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Freedom and friendship

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"There is a disease that is always part of tyranny – to never be able to trust a friend" (Aeschylus, Prometheus Bound 226-227).

It seems to us that the news from Pakistan, Britain, and America shares themes of freedom that are deeply personal.

In English the original meaning of the word free is dear or beloved. The word friend shares the same root as free (Oxford English Dictionary). This early meaning of free suggests two different ideas – one, that freedom is something we want for people we care about and two, that we can never achieve it alone.

Freedom is created, sustained, and protected in community by men and women who believe in fair play, try to tell the truth, appreciate reason, and respect and trust each other. These are some of the qualities we love in our friends. People who share these qualities – and who could build a friendship on these qualities if they met each other – are the foundation of a free country. Fellow citizens who love what we love - freedom and justice - and defend them are friends in freedom.

It goes almost without saying that when we are free we are free in some country. Countries - not tribes and not empires - have been the natural places for creating freedom. Because countries are limited in geographic size and numbers of people, individual voices are not lost, ignored or smothered. Countries that are free allow for the possibility of friendship and contain many friends and circles of friends. They also contain many more people who are strangers to each other but could be friends. They look at things the same way and believe in the same fundamental principles of respect and reason, truth telling and fair play. Though they are strangers, like friends they trust each other to do the right thing. They trust each other to defend freedom.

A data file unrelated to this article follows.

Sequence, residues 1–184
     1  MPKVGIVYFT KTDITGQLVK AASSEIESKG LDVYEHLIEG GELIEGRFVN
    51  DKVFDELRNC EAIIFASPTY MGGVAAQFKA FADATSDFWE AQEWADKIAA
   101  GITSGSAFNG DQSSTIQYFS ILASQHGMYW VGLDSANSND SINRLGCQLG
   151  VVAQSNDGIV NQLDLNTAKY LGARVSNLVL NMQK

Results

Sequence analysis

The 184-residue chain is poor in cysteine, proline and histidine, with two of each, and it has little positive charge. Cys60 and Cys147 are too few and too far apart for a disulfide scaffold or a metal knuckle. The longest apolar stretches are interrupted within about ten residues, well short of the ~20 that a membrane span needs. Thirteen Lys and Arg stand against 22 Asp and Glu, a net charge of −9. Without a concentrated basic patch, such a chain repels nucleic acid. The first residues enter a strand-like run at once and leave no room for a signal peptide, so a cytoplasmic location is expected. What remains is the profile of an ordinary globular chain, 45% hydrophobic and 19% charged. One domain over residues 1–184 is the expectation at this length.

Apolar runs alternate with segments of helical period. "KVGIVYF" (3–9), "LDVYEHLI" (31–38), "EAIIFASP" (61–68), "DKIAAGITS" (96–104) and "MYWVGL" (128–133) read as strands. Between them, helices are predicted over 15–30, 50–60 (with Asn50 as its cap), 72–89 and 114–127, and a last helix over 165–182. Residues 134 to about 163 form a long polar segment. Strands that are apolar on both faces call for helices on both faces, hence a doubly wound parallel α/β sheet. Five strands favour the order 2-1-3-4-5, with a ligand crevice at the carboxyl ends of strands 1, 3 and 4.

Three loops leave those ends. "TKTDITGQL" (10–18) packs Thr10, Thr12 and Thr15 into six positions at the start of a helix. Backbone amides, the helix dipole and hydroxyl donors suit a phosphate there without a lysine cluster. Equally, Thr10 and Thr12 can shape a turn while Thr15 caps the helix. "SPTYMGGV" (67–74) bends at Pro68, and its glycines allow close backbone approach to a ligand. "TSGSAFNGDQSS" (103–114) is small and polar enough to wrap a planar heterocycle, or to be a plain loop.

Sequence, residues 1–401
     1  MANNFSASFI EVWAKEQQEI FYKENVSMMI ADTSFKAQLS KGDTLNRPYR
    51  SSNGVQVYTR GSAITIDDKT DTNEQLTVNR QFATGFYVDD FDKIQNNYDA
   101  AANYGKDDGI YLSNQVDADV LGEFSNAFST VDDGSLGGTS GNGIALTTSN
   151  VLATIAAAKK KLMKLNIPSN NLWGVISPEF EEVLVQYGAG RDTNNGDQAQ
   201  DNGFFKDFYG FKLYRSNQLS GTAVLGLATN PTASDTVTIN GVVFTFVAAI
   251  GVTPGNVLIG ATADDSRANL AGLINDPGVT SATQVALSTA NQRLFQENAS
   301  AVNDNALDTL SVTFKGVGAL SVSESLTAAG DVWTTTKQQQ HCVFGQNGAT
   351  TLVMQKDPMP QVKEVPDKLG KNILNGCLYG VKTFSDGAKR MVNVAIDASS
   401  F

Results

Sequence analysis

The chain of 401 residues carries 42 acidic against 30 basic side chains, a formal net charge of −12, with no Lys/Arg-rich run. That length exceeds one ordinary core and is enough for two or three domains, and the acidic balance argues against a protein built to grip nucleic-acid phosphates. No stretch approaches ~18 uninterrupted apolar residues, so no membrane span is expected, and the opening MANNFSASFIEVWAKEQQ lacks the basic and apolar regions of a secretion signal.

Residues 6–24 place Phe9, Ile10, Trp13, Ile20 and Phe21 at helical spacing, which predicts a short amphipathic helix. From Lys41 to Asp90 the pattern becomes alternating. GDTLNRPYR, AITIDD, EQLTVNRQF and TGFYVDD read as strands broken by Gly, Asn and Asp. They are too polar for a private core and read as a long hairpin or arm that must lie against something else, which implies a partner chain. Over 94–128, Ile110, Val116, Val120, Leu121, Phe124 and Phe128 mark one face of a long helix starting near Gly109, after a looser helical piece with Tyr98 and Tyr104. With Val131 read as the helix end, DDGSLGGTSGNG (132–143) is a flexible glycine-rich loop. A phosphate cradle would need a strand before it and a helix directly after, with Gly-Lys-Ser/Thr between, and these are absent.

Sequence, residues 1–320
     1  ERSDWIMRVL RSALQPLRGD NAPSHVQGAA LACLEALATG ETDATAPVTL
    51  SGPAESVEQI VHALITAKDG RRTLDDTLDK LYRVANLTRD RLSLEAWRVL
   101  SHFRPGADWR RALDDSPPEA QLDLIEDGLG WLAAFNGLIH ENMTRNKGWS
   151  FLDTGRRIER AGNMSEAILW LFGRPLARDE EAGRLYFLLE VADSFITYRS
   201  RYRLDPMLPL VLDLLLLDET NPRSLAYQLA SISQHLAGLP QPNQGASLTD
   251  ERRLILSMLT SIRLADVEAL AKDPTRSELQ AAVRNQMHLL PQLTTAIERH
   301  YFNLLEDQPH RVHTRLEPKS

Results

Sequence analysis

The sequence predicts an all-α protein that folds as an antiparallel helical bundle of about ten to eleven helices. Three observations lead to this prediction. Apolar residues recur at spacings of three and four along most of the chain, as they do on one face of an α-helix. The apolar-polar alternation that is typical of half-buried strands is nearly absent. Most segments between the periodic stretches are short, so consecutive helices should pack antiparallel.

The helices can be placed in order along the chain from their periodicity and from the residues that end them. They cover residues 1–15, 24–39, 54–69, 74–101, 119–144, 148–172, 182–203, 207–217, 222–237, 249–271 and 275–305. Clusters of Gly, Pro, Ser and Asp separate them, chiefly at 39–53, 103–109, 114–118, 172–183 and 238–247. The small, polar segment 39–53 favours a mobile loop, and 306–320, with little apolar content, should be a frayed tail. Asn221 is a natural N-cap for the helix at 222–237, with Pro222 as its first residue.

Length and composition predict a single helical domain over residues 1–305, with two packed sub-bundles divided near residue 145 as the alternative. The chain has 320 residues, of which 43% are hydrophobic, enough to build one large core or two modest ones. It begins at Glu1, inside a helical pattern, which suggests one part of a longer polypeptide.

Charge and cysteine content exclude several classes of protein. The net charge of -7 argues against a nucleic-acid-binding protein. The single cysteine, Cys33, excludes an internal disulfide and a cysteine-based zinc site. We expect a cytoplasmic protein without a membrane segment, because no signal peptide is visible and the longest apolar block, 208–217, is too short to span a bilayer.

Creating a free country is difficult. It requires enormous courage. It needs friends prepared to give their lives for it.

That sounds grim, but personal accounts say that it is exhilarating.

Continued in the Freedom Network, Part 2

Note - I didn't get this post right the first time round, and I may try again.

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